Sophomore year also marks the start of standardized testing. Get your feet wet by taking the PSATs, which will give you an idea of how the real SAT will go and show you where you need to improve before colleges see your scores. It’s important to stay ahead of the game and make your mark early. At the end of your sophomore year before school lets out, request a copy of your transcript and school profile. Send a copy of your transcript, any test scores you have, and your profile to each school you are interested in.”

When you finally reach junior year, it’s time to start getting serious. Believe it or not, college is right around the corner! Sign up for the SAT or ACT and get a head start, so if you don’t do so well the first time around, you can take them again. Talk to your guidance counselor about where you stand in your academics; they are one of the best resources you have available to you, since the NCAA rules are so strict about communicating with coaches.

And then there’s senior year. This is when everything starts happening. Coaches can now contact you more frequently and can ask you to come to the school on official visits. This is also a time when a coach can have you come for an evaluation of your skills, which often includes practicing with the team.

As actual athletics are concerned, coaches “really want to see recruits live to evaluate…. TRUE! It is very difficult to get a feel for the speed and size of the game on film. Seeing an athlete live can range from going to an actual game, or going to a summer clinic or camp, both of which were a huge help.

Getting noticed
There are many factors involved in getting noticed by a coach, including more than just your athletic ability and academic performance. In short, make sure you represent yourself in the best possible way, especially off the field including your digital footprint (social media).

At the end of the day, a coach wants the overall player and good person that they feel like they don’t have to truly babysit on a college campus.

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The end game
Don’t get caught up in the semantics of NCAA or NAIA, or making your way onto the “best” team. You’ll find yourself stuck in the process and losing sight of what you’re really after—a school that fits you. Just remember your goals, visit schools, do your research until you find your #1 draft pick college or university, and then everything else will fall into place.

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2017 ASNN365 September Newsletter

Posted on September 6, 2017. Filed under: Basketball, Football, NCAA Sports, Sporting News, Sports Business | Tags: , , , , , , , , |

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Everyone is back to school

September 2017

PrezRo
compiled by Prez Ro
follow back at @PrezRo365

This is also our “social media” edition to protect you on various topics and trends taking place nowadays.

statefarm1

 

Ever wonder how did the national anthem become a hallmark of sporting events and when did athletes start using it as an opportunity for protest? Click to read about it.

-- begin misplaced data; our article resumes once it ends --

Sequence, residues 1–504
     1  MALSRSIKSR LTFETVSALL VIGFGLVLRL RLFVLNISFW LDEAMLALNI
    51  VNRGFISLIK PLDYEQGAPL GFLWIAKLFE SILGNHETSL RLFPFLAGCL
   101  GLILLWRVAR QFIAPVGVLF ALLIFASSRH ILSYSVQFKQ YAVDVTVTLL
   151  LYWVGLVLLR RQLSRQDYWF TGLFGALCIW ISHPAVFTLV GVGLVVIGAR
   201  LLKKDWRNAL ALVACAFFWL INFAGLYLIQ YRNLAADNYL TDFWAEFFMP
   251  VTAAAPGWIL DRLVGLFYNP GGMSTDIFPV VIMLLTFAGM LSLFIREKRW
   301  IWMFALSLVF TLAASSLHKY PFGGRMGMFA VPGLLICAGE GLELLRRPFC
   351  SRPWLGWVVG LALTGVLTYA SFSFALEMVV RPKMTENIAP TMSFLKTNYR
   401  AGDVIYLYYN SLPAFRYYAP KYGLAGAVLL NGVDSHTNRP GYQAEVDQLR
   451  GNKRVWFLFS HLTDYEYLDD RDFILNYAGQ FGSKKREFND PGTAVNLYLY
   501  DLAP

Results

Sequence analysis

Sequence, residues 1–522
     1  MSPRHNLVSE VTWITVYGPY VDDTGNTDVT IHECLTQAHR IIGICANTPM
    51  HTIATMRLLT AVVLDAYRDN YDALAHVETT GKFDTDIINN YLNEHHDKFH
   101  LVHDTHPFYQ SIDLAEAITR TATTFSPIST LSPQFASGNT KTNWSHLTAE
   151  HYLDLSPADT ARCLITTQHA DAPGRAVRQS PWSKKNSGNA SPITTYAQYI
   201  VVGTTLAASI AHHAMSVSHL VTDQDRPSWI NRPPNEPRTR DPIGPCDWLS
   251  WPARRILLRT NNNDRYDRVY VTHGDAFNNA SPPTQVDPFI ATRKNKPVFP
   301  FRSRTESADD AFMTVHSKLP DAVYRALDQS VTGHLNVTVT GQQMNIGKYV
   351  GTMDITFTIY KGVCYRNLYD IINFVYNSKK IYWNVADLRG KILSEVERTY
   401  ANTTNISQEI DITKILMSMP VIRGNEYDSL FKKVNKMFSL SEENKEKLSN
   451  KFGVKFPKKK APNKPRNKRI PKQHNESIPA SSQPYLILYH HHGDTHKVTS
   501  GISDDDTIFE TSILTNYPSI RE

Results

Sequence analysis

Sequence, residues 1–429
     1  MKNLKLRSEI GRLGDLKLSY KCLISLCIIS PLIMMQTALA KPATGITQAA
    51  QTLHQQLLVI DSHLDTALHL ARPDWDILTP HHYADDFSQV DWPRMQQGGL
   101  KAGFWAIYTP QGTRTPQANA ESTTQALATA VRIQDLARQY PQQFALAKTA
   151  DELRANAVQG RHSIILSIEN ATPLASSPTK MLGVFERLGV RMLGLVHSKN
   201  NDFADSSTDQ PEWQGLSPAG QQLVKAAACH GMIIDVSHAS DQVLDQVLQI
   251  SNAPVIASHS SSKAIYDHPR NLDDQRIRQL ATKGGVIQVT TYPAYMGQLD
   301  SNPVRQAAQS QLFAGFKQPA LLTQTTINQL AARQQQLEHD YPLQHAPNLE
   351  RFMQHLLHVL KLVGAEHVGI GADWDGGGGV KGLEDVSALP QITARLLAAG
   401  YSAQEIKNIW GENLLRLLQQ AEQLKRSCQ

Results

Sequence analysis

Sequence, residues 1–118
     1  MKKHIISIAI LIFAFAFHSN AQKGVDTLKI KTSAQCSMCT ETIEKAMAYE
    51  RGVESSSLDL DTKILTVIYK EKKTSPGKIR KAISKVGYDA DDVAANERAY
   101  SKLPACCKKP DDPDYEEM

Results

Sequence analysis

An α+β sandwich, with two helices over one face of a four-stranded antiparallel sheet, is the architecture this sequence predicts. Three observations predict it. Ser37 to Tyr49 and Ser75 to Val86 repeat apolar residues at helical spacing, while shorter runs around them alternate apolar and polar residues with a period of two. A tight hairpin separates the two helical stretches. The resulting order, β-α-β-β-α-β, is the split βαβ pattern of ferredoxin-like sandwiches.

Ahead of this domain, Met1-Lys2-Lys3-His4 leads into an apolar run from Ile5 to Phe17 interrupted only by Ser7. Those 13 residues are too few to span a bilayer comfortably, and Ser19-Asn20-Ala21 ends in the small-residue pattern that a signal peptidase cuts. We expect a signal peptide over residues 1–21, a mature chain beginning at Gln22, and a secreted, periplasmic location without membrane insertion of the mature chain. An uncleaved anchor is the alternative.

SOCIAL MEDIA EDITION

*Just b/c people ask your opinion on emotional/hot topic, don’t have to answer

Even Colleges use “catfish” style tactics ~click here

Laremy Tunsil’s social media tomfoolery a reminder of the hefty price prospects can pay

NOTE: To all HS players on my TL, if ur tweeting profanity/inappropriate language (this includes retweets) ur not getting an offer from us.

Student-athletes need to pay attention to their social media footprints

NCAA outlaws a very specific type of subtweeting in recruiting

SOCIAL MEDIA: You may be trying to impress ur friends w/tweets but turning off college coaches who have power to offer u scholarships

 

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 REVISIT STORY: Donnovan Hill, the California teenager who was paralyzed playing football, story led to increased safety protections for young players after he sued a youth league

 “Concussion for Students” to teach students symptoms of concussion

 ICYMI: Atlanta-area high school features biggest video board in HS football….

 TECH: VIDEO W/new virtual reality technology, playing QB may never be the same

As school gets started remember @1001RecruitTips: #ACADEMICS: You can’t squeeze four years of requirements into 1-2 years!

#NCAABOUND Understanding the Recruiting Process

#NCAABound – HS #FRESHMEN – How to Prepare to Be Recruited RT HS Freshmen – How to be prepared to be recruited

#RecruitTips – Q: When is the best time to contact college coaches?

7 Questions to Ask When Calling a College Coach for the First Time

 

 

EXCELLENT READ: Southland high school coaches not pleased with Big Ten football

 NEW RULES for 2016 College Football Season

Top records this decade by %
1. Alabama 72-10 88%
2. Oregon 69-12
3. Ohio St 68-12
4. Florida St 68-14
5. Stanford 66-15
6. Boise St 64-15

LOUDEST College Stadium….

NCAA Eligibility Info for Students w/Documented Education Impacting Disabilities

10 Tips for your First Month of College as a Student-Athlete

How to Make an Impact as a College Freshman…

 

 How we got football

 NFL Minnesota Vikings built a stadium with technology in mind during each step.

Amateur Sports Pro Section

Highest Paid Players by Position

-Cha-Ching: How We All Help Ourselves First by Limiting Athletes and only Athletes.


IN STORES NOW

          

QUOTE OF THE MONTH
Just because you think it – doesn’t mean you need to TWEET it!  #ThinkTwice